Letters

Violence as a public health problem

BMJ 2003; 326 doi: https://doi.org/10.1136/bmj.326.7380.104 (Published 11 January 2003) Cite this as: BMJ 2003;326:104

Combined approach is needed

  1. Jonathan Shepherd, professor of oral and maxillofacial surgery (Shepherdjp@cardiff.ac.uk)
  1. University of Wales College of Medicine, Heath Park, Cardiff CF14 4XY
  2. Elliot Institute, PO Box 7348, Springfield, IL 62791-7348, USA
  3. Mixenden Stones Surgery, Halifax, HX2 8RQ
  4. University of Newcastle, Locked Bag 1014, Wallsend, NSW 2287, Australia

    EDITOR—Although treating violence as a public health issue is not new,1 the World Health Organization's report on violence and health is an important reminder of the suffering we inflict, intentionally, on each other.2 In the United Kingdom the Crime and Disorder Act 1998 places a statutory obligation on health services to work with the police and local government to tackle crime. So far, however, the police and local authorities in England and Wales have found the NHS difficult to engage, probably because the reasons to contribute are not widely understood.


    Embedded Image

    (Credit: ZZ/REX)

    A great deal of violence that results in treatment is not reported to or recorded by the police. This means that health services have substantial opportunities to collect unique information about the circumstances of violence, which, combined with police data, can be used to target violence prevention resources at particular locations, times, and vulnerable individuals and groups.3 Since most injured people are treated by emergency services, they should be a major focus of preventive effort.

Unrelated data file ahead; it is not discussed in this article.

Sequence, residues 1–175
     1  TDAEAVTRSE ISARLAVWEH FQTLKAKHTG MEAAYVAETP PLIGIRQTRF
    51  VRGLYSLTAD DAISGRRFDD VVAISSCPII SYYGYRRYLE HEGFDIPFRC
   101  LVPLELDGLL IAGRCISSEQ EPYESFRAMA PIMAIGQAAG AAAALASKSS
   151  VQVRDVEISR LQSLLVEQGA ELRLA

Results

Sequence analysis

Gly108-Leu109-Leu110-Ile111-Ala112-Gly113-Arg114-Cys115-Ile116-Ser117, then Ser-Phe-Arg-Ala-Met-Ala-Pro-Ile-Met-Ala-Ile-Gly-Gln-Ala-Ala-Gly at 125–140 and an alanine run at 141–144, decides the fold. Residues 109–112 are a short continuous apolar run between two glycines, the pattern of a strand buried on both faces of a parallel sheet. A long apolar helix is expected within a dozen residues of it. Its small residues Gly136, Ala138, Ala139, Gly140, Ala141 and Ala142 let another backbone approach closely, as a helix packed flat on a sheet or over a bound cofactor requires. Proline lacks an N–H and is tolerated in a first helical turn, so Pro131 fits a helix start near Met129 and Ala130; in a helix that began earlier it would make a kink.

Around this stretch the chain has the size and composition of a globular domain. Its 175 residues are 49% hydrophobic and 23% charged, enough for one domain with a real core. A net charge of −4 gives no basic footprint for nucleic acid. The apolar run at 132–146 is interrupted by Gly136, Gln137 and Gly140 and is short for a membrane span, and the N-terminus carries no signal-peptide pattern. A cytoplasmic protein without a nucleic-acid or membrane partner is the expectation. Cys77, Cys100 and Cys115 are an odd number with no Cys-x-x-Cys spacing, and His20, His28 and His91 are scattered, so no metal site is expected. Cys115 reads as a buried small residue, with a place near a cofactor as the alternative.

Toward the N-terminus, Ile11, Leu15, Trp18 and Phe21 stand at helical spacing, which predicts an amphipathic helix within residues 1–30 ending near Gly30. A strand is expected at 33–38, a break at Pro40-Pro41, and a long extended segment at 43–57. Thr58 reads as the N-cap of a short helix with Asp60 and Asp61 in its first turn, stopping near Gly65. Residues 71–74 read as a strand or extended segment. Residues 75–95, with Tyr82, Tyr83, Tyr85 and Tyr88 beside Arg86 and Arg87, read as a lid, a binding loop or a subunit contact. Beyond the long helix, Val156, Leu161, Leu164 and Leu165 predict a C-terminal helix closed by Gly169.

Tackling violence as a problem of intentional injury provides both a rational framework for prevention and existing local expertise, which has much to offer statutory partnerships for reducing local crime.

    Injury rates due to assault as provided by emergency departments are proving objective and unique local, regional, and national measures of violence.4 These correlate with measures of unemployment, poverty, and expenditure on alcohol, for example. Data can be collected without extra resource by clerical staff in emergency units and have successfully been used to target local police activity. They also have potential as evidence relevant to alcohol licensing: a recent study found a correlation between capacity of licensed premises and injury sustained in local street violence.5

    Heath draws attention to the perspective of human rights.1 Nowhere …

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